Baghdad Taxi Driver didin’t make it very far, but here’s one that did – Six Days in Fallujah. I’ve described it in detail elsewhere. Unfortunately it was canceled by Konami after an outcry by veterans’ groups in the US and the UK. (Atomic, the developer, is still working on it though, so we might yet get to play it.)
I’m the first to agree that a real battle in a real war like this is a sensitive issue. But I agree with Matt Peckham: games deserve a chance to deal with issues like this. Why are veterans’ groups cool with something like Generation Kill, but not with a game on the same topic?
If any of you reading this is an Iraq vet, I’d love to hear your thoughts on this. I enjoyed Generation Kill thoroughly – largely because it felt extremely honest and authentic. I thought the series presented US Marines in a very fair, balanced, and very human light. I see no a priori reason we couldn’t do this in a video game.
Some guys are already going for it, in true indie developer style: the guys at Insurgency.
Again, I’ve written about this one elsewhere. It’s a mod of the Half-Life 2 engine, set in contemporary Iraq. The bit I find really cool about it is that it’s made entirely by veterans, volunteering their time. No accusations of distortion apply here: the guys making this thing are the ones who lived through the real version.
Now, a lot of people tell me that no matter how authentic or sophisticated these games are, they’re still fighting games, and that’s a bit limiting.
I agree. But there are a lot of other kinds of games out there. And the popularity of fighting games today is a historical artefact we’ll soon outpace. It’s down to the limitations of technology, and it will change soon.
If you think about it, what our game technology has been getting better and better at since the early 90’s is 3D modeling, physics and rendering. Game tech has gotten really, really good at creating fantasy 3D worlds that look and move just like the real thing. So it’s no big surprise that the top-selling genres of today are racing, fighting and sports games. They’re all genres that depend entirely on physics for gameplay. If we’re racing, and my vehicle’s rendered form passes a given point before yours does, I win. It’s simple. If we’re fighting, and the vector of your bullets intersects with the wireframe of my avatar, you win. Simple. Ditto with sports; ball wireframe, net wireframe . . . that’s all there is to it.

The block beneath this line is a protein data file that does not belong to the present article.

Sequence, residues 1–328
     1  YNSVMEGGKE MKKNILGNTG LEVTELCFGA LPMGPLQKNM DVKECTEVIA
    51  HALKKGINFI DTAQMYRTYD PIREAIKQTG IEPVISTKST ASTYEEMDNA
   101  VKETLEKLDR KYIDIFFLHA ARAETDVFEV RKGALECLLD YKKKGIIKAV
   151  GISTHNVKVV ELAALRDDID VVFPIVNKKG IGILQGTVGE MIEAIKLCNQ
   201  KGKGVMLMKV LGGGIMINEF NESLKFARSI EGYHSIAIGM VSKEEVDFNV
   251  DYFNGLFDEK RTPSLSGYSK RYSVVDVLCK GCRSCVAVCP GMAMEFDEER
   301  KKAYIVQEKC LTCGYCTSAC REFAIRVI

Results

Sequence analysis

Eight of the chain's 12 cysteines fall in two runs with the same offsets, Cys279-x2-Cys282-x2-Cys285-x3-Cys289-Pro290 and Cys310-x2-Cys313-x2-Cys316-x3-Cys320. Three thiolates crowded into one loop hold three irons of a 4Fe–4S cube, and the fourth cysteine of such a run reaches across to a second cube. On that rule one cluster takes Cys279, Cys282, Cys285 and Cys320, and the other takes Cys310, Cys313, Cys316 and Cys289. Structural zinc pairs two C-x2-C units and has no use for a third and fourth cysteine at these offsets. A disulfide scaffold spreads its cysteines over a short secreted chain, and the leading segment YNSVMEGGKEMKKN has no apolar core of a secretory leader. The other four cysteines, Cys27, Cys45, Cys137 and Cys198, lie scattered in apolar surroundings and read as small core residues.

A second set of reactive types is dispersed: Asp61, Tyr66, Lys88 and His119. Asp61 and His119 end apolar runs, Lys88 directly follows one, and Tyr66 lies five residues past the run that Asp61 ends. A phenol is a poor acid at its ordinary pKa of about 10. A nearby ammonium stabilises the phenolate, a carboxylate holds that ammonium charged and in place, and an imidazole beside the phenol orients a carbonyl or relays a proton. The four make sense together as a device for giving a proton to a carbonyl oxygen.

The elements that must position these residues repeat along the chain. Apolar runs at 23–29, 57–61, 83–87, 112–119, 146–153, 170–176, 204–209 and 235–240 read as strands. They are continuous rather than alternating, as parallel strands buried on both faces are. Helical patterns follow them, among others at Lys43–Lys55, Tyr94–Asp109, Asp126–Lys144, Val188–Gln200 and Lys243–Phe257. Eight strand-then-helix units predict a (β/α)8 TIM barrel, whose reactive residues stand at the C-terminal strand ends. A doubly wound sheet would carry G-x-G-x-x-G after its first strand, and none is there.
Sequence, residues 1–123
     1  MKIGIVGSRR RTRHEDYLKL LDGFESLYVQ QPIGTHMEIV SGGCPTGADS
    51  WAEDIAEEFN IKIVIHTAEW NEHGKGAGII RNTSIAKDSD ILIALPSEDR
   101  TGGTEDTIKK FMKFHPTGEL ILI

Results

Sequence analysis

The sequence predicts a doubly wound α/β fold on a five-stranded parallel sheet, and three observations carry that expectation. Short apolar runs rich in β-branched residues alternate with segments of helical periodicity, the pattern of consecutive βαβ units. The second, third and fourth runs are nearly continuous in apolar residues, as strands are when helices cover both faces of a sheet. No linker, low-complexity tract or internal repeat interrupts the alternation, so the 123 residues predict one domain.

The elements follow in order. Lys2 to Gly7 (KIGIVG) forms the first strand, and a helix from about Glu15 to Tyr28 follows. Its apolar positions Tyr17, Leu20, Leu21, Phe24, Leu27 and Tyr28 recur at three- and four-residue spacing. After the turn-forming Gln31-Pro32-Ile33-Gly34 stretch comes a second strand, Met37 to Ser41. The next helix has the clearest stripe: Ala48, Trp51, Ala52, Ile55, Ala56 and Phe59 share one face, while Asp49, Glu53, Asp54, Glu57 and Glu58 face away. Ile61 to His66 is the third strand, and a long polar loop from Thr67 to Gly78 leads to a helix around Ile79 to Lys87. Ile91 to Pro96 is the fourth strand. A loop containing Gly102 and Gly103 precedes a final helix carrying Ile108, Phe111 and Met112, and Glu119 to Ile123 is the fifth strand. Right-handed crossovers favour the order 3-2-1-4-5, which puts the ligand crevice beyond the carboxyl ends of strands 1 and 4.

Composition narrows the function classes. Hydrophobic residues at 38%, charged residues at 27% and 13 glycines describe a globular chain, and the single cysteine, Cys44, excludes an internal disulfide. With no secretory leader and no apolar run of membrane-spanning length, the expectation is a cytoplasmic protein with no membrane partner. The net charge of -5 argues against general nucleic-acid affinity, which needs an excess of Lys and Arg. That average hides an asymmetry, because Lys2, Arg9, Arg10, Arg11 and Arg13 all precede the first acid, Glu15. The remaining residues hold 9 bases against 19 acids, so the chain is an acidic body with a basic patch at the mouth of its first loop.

In the 70’s, when all computers could do was text, you got Collosal Cave Adventure. It’s what computers were good at then. As computers get better at more than graphics – like talking, for instance – I’ll bet we’ll see more interesting game types emerge.
If you want to get a look at the ur-version of what those game types might be, check out Façade by Andrew Stern and Michael Mateas. This is a game where you use free-language text to converse with two old friends at a dinner party. You arrive in the middle of an argument, and the rest is open to you. What will you say? You can steer the evening to several different endings, depending on which conversational tack you take. It’s well worth a play. (Procedural Arts, the company Stern and Mateas founded, is working on more games of this type – I’m looking forward to it.)
All the games I’ve mentioned so far are quite complex, but you don’t need a several-hundred meg download to make a good, thought-provoking game. Here’s a great example: